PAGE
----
The behind-the-scenes story of a video that earned Nepal health workers global praises

Health workers transport Covid-19 vaccines across a flooding river in Mustang of western Nepal, in June 2021. Photo: Social media

On the morning of June 15, 2021, health workers of Tukuche and Kowang health posts were on their way to get the Covid-19 vaccines. But, the Chaktang river in Thasang rural municipality of Mustang got flooded, and they were left stranded.

The municipality had informed the locals above 55 years of age to get vaccinated. But, with the flood, it was not possible to cross the river. Hence, they hacked a way to deliver the vaccines using a long (iron) pipe. And, their feat is being praised by the international community as well. 

Even Dr Tedros Adhanom Ghebreyesus, the World Health Organization (WHO) director-general, tweeted a video showing the Mustang health workers at work and praised them.

Behind the scene

The municipality had plans to administer second doses of Covishield to the locals, over the age of 55, on June 15. Those who had got their first dose of vaccine on March 7 and 8 were also informed to come for their second dose that day at 10 am.

The Mustang District Public Health Office had already delivered the vaccines to the Lete primary health centre in the Thasang village. Because all the health posts did not have a cold chain to store the vaccination, all doses were in Lete.

As scheduled, the plan was to take the vaccines from Lete on June 14 to vaccinate the senior citizens the next day.

But, heavy rain started on June 11th, and on 15, the Chaktang river flooded, hindering their travel.

Due to the floods, vaccination could not be delivered to the Tukuche Health Post of ward 1 and Kowang Health Post of ward 2 as scheduled. About 60 senior citizens were waiting for vaccination in both wards.

According to the chief medical officer of Lete Primary Health Centre Dr Laxman Thapa, the health workers of both the health posts were sent to collect the vaccination in the municipality’s vehicle. 

But due to the flood, the driver Gagan BK who went to deliver the vaccines got stranded on one of the river whereas assistant health workers, Sabin Khatri and Lal Bahadur Rokaya who went to collect the vaccines were stuck on the other side.

The ravaging flood was dangerous and loud. Communication across the thundering river was hard. “I carried the vaccine from Lete Primary Health Centre, but I could not cross the Chaktang river. I did not dare to cross it either,” expressed BK.

The Solution

When it was established that they could not cross the river, they decided to pass the box of vaccines

BK explains further how he searched around the place where a bridge was being built over the river and found an old long iron pipe.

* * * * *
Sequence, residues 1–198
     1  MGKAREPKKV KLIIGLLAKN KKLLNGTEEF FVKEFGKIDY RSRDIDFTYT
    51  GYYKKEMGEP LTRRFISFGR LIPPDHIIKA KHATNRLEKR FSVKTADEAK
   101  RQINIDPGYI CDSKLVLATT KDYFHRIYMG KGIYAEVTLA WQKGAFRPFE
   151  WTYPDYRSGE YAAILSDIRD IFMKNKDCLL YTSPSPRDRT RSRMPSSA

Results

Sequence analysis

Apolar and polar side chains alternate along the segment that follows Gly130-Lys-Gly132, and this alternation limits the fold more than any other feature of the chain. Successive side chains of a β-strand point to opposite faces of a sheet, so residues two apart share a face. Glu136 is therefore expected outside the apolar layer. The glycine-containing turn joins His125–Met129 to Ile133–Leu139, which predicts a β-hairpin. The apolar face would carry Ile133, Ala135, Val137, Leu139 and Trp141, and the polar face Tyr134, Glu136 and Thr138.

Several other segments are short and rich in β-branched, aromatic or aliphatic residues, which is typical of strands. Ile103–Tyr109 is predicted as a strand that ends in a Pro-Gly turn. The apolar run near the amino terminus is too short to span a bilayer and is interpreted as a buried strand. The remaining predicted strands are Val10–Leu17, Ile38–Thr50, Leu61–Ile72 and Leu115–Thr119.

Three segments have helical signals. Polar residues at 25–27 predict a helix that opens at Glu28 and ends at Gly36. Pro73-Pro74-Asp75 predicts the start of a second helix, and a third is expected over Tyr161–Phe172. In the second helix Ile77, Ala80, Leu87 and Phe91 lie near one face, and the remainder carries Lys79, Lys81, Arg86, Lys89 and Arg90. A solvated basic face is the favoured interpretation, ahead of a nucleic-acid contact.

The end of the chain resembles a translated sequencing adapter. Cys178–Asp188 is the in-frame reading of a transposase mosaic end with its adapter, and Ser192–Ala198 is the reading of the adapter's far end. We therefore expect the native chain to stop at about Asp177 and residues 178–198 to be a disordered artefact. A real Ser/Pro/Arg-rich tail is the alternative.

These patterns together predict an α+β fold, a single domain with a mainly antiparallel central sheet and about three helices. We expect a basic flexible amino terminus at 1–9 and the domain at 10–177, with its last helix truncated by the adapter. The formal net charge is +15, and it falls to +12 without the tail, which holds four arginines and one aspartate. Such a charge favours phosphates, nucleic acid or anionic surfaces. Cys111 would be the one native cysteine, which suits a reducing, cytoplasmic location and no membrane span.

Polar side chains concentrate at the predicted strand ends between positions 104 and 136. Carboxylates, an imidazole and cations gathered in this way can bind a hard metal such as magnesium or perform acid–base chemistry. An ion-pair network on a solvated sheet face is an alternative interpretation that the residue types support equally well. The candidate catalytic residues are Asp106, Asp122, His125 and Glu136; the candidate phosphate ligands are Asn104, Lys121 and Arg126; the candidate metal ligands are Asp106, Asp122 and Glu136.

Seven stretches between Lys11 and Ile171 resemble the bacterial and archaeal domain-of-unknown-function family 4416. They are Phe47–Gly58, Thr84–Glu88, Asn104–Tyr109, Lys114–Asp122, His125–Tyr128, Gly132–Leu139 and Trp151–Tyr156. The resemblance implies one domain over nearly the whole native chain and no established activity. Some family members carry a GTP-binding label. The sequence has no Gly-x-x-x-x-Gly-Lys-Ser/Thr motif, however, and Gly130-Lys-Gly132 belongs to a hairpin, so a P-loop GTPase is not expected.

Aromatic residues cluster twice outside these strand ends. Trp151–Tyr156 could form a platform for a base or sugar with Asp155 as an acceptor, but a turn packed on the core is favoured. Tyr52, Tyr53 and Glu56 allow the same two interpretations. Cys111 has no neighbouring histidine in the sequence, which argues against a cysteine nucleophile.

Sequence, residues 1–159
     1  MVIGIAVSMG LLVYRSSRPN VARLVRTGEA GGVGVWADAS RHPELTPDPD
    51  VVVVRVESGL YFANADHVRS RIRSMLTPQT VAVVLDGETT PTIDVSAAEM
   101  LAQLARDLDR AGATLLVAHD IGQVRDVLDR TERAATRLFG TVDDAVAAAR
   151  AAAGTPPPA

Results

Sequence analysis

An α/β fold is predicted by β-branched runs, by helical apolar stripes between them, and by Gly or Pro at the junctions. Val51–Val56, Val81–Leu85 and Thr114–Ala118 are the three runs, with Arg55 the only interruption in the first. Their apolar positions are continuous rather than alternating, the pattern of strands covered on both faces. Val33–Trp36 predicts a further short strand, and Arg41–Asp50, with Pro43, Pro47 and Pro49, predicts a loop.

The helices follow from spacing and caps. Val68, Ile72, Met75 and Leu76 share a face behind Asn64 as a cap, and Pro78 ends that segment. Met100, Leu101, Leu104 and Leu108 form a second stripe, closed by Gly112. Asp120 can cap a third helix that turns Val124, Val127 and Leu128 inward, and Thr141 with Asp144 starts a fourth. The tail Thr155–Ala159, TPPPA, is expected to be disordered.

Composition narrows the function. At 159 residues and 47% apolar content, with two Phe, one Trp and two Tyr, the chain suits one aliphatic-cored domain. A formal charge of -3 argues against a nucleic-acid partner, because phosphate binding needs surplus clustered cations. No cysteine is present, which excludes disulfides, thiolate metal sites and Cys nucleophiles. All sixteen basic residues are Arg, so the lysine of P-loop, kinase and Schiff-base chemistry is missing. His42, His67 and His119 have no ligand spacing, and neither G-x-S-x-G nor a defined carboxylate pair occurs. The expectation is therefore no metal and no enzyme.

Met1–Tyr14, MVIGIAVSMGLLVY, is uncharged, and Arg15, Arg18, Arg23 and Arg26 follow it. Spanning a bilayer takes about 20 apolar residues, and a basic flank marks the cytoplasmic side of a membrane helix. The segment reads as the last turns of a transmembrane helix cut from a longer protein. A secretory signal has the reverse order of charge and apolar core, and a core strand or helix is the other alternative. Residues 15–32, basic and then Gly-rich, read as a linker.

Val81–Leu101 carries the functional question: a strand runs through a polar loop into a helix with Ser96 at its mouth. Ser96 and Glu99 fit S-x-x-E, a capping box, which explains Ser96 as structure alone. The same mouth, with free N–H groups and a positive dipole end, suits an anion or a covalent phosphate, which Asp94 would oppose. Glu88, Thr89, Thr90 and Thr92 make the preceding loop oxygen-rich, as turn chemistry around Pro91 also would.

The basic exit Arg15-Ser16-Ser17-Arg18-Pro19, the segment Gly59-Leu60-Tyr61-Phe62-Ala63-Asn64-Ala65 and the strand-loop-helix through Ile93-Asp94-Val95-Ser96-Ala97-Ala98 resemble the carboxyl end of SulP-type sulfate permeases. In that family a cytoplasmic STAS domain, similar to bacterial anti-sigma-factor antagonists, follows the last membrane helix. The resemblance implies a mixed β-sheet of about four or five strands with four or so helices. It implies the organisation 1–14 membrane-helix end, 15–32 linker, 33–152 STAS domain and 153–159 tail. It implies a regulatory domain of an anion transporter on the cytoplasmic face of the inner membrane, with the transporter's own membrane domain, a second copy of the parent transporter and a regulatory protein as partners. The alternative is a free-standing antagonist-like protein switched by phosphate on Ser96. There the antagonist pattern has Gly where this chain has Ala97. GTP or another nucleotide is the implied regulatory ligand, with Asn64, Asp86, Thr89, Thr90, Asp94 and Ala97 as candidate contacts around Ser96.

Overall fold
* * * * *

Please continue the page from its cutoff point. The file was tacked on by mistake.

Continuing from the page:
“I brought the pipe and checked if it reached the other end to deliver the vaccine container with the pipe. But, it was difficult to manoeuvre alone. A pedestrian was walking along the riverbank and got his help. And finally, we managed to pass the carriers with the pipe.”

A health worker prepares a dose of a Covid-19 vaccine, in Kathmandu, January 2021.

Lal Bahadur Rokaya, a health assistant at Kowang Health Post, says, “Though we could not hear what we were saying due to the roaring river, we gave him the idea to use the pipe with gestures. I do not know if he heard or not, but he went near the bridge and came back carrying a long iron pipe. We searched the narrow part of the river and planned to get the containers by stepping on a big rock. And, we succeeded in that.”

According to Khatri, there were locals on their side waiting because they were unable to cross the river. They advised the health workers, “Since you have taken such a risk, we took photos/videos to remember.”

How did the video go viral?

After receiving the vaccine containers, they went back to their health post. Local senior citizens had already arrived at the health centre. After the vaccination, they retold the story to auxiliary nurse midwife Anjila Thakali of the health post.

She then suggested posting the photo and video on social media. “I did not want to put up on social media. We thought not everyone would feel it was appropriate to take such a risk to get important health supplies such as vaccines. 

But, Thakali asked Sabin Khatri to share photos and videos to watch. He agreed and shared. “Then, all of a sudden that video went viral. The video had already reached the WHO through districts, states and the centre, without our notice,“ says Khatri.

Not made to go viral

The health workers, hence, say the video was not made to go viral.

“During the epidemic, who would think of being famous and going viral? The day of hard work became a memorable day at work the next day,” Khatri says, adding, “It felt good to get praise from the highest authorities. Even the head of the WHO tweeted the video I took and found out that Nepali health workers have been called ‘heroes’. That gave us motivation.”

Khatri, a permanent resident of Triyuga municipality-2 of Udayapur, had the opportunity to work in the municipality only a year and a half ago. 

BK, the mastermind of the plan to transport vaccine carriers, also says he was happy to hear his work was praised. “We did not shoot the video to go viral. We used our intellect to get the senior citizens vaccinated as planned, the same day,” he says.

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Lama is a senior sub-editor at Onlinekhabar.

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